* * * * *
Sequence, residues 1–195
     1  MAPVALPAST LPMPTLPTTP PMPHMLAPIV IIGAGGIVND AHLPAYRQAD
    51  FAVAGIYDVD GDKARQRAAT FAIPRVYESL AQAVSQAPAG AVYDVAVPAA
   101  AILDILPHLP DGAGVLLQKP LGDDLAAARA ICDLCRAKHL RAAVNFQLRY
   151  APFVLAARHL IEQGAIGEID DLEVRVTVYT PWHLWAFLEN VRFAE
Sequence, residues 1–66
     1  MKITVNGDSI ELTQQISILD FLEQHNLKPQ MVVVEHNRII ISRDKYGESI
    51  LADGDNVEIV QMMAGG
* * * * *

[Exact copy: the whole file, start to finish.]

Sequence, residues 1–195
     1  MAPVALPAST LPMPTLPTTP PMPHMLAPIV IIGAGGIVND AHLPAYRQAD
    51  FAVAGIYDVD GDKARQRAAT FAIPRVYESL AQAVSQAPAG AVYDVAVPAA
   101  AILDILPHLP DGAGVLLQKP LGDDLAAARA ICDLCRAKHL RAAVNFQLRY
   151  APFVLAARHL IEQGAIGEID DLEVRVTVYT PWHLWAFLEN VRFAE
Sequence, residues 1–66
     1  MKITVNGDSI ELTQQISILD FLEQHNLKPQ MVVVEHNRII ISRDKYGESI
    51  LADGDNVEIV QMMAGG